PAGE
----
- I will ride predictably so cars and cyclists are not surprised by what I do.
- I will always signal so those behind me know what I’m doing.
- I will leave enough space in front of me so I can stop if I need to.
- I will stop at all traffic control signals.
- I will look behind me if I’m going into the lane, and periodically to make sure nothing bad is coming.
- I will pay attention so that I will have enough time to react to changes in road conditions.
- I will practice emergency stops so I can stop quickly if an emergency arises.
- I will never ride two abreast on roadways.
- I will call out loudly in my best outside voice so riders around me know what I’m doing.
Do all that. Please. I wish I could promise you that will keep you safe. I cannot do so. So make sure you have your phone on you on all rides. Keep emergency contact information available. Be sure to collect the names of all witnesses and insurance information if necessary. Do not hesitate to call 911 if the situation merits it. Someone’s life could be in your hands.
Be safe. Your Bear needs you.
PS: Making these blog posts takes a long time. If you found this useful, please donate to my 2018 AIDS/LifeCycle ride!
The title says it all. Ride in the right hand lane as far to the right as is safely possible. There are times when you need to move out into the lane. For instance, when cornering, when passing cyclists, to avoid obstructions, or if road conditions in the curb are too poor for safety. As a vehicle, you are entitled to take the full lane. Look behind you, make sure it is safe, and take the lane.
But it is never safe for a cyclist to move so far left as to enter on coming traffic. Repeat that to yourself: yellow line bad. The simple fact is cars barely pay attention to cyclists traveling in the same direction. They have no attention for the slim profile of an un-illuminated cyclist heading straight for them.
I’m sure you’re thinking: I get it. In heavy, urban traffic, or on blind corners, that is wise advice, Bear. But there are times when it is safe. For instance on a deserted, straight, country road. No traffic, tree lined beauty, no one is coming, and I can see for miles ahead. I hear you. You want to ride side-by-side, chatting and laughing, enjoying a respite from the hard climb you just did. But this is exactly when you are most distracted. You don’t know when a car is going to enter the roadway from an unseen driveway. And you can be sure, the driver is not expecting you in his lane…going the wrong way.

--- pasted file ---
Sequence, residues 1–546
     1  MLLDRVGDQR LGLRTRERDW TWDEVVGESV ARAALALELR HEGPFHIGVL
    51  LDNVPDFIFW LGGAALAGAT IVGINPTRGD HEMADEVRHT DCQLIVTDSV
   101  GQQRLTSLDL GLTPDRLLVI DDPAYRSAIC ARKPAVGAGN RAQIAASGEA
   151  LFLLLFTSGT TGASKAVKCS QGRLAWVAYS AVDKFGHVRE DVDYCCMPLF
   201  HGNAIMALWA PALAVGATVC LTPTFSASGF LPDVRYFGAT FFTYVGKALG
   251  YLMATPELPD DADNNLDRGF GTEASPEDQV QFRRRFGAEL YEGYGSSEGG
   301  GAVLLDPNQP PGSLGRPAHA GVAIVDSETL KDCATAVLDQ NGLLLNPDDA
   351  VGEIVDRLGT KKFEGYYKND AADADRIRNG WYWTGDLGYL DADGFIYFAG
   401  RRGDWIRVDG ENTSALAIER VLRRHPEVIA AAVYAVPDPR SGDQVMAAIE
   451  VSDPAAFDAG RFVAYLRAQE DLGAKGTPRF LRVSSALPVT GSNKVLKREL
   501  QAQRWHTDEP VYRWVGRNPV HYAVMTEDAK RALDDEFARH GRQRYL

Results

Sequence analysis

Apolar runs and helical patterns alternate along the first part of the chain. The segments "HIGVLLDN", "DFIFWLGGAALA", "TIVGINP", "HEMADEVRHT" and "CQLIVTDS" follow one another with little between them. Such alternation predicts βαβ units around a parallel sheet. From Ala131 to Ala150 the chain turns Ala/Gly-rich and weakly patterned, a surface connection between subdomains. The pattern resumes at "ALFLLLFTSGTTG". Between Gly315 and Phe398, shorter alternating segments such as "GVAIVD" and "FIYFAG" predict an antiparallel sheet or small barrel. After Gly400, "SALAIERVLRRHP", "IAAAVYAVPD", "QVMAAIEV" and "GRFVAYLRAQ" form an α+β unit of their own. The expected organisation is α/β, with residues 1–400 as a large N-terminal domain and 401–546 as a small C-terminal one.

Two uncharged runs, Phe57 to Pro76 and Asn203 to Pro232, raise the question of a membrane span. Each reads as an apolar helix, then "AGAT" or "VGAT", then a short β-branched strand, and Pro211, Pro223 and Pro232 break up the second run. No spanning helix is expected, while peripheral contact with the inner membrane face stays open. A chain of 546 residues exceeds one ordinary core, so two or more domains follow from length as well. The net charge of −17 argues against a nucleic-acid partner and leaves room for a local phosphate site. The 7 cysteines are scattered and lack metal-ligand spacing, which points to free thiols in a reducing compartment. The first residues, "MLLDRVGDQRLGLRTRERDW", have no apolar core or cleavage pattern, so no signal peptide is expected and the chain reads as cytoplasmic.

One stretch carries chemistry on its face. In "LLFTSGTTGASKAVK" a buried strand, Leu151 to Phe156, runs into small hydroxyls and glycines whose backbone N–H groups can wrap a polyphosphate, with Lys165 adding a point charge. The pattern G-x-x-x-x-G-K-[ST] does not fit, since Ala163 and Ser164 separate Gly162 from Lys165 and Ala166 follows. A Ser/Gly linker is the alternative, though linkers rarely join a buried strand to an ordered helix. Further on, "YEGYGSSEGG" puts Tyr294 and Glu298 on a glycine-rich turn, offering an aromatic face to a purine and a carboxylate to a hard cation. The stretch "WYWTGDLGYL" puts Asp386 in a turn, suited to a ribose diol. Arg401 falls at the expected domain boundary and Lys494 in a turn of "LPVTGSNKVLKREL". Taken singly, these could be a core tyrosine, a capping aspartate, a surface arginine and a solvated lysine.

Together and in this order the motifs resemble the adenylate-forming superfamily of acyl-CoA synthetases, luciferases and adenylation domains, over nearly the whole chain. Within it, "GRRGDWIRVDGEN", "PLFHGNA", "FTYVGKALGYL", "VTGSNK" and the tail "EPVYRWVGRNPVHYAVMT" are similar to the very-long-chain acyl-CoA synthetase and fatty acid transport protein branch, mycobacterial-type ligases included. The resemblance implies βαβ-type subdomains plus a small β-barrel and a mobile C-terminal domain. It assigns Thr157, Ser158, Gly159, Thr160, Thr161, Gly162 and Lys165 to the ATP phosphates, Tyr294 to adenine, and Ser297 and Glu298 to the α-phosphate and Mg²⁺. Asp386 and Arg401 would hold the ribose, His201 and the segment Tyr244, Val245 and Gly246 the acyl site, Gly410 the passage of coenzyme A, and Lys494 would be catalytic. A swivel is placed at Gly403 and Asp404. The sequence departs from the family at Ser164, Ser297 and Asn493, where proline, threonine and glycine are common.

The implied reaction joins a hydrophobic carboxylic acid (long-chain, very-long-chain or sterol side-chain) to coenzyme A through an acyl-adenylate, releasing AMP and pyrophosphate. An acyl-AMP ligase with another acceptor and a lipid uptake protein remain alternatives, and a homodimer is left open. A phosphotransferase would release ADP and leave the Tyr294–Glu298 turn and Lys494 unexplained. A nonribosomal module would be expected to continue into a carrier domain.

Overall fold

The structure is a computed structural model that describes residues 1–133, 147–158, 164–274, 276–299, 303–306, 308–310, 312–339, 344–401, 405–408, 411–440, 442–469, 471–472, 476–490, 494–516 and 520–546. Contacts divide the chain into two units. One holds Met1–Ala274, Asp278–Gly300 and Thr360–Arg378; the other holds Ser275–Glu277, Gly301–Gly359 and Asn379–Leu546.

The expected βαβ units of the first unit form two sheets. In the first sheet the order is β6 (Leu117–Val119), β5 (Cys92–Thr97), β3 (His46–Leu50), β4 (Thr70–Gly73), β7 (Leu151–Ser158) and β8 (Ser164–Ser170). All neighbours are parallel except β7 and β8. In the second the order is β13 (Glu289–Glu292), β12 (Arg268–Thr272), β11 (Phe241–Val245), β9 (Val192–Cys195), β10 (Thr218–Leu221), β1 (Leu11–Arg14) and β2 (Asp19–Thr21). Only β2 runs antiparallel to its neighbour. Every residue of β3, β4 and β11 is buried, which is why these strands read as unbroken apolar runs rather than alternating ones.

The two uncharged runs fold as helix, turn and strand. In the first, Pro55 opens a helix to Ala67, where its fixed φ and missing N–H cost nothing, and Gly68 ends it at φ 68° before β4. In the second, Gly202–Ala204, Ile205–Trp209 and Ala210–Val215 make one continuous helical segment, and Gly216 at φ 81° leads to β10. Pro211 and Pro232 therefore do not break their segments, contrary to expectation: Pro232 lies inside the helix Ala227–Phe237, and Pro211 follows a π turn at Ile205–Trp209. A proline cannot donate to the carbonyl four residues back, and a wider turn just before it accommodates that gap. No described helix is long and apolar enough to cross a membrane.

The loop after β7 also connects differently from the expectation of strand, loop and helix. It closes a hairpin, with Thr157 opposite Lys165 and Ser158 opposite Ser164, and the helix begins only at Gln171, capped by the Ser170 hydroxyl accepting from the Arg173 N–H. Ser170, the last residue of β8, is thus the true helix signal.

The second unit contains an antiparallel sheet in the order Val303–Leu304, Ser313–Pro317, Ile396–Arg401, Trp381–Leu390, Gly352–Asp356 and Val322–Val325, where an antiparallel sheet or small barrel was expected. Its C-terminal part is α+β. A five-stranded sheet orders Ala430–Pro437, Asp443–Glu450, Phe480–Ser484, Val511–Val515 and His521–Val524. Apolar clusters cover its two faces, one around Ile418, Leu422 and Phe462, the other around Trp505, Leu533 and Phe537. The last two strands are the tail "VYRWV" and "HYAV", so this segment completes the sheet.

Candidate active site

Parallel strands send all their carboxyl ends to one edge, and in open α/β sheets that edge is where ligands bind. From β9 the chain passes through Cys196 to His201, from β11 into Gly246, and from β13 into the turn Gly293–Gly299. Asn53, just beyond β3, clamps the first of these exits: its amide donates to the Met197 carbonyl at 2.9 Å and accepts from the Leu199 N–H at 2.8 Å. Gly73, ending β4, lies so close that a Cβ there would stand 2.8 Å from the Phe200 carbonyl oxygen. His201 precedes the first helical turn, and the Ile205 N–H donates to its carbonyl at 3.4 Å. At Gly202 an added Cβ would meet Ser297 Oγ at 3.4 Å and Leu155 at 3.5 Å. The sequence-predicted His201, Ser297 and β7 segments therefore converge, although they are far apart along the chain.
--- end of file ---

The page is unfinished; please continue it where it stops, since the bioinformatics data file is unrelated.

You know who wins that fight? The driver every time. The cops are going to blame you. The insurance company is going to blame you. The driver is going to blame you. The sheer weight of metal and death are going to blame you. Your fellow cyclists will commiserate with you, but in the end they’re going to understand you were in the wrong place at the wrong time.
Don’t be that example. Ride on your side of the road. Ride as far to the right as is safely possible. Ride defensively, predictably and stay alert. Pass only when it is safe to do so, and pass only on the left. When passing call out loudly: “ON YOUR LEFT!”
Here is an excellent blog post on lane positioning for cyclists. I haven’t fully vetted it, so I don’t yet know if I agree with all the points the author makes. Do you? Comment to let me know.
P.S.: It takes me a long time to write these posts. If you find them valuable, feel free to donate a couple bucks to my 2018 AIDS/LifeCycle ride.
Eventually you’ll likely find yourself face to face with a dog while you’re cycling. They’re everywhere. Not all owners are properly trained. That means the dog may view you as a threat. You can probably tell: ears up, tail erect, attention fixed. You ride up to him, and the dog doesn’t move. You say, “good doggie, then,” but the tail doesn’t start wagging. You’ve got to pass, but you just know the dog is going to get aggressive, give chase, and possibly bite! What do you do?
There are lots of answers out there (for instance, here and here). I’m going to give you the one that works when you approach the dog head on or if the dog is coming at you from the side. Saved me a couple times, most recently when a homeless guy’s unleashed dog tried to bite me on the bike trail.
- As you approach the dog, slow down a bit, making sure you’re in a sprinting gear.
- Let the dog approach, but not too close.
- Give it some auditory encouragement, “good boy” or “sweet dog” in soothing tones.
- Just as it gets to you, take off in a sprint as fast as you can.
The dog will likely give up, feeling it has chased you off. I definitely encourage you to read the links and be prepared. Little would ruin a ride more than a dog bite or an altercation with a recalcitrant owner.
I’ve written several posts on how to climb, how to descend, nutrition and climbing, and related safety issues. Please review them because this post doesn’t discuss the mechanics. Instead, I want to reiterate something I’ve said in many prior posts: to get anywhere on your bike, you have to move your legs. The prior two posts about cadence were leading up to this conclusion: the only way to keep yourself moving forward efficiently is to pedal your bike.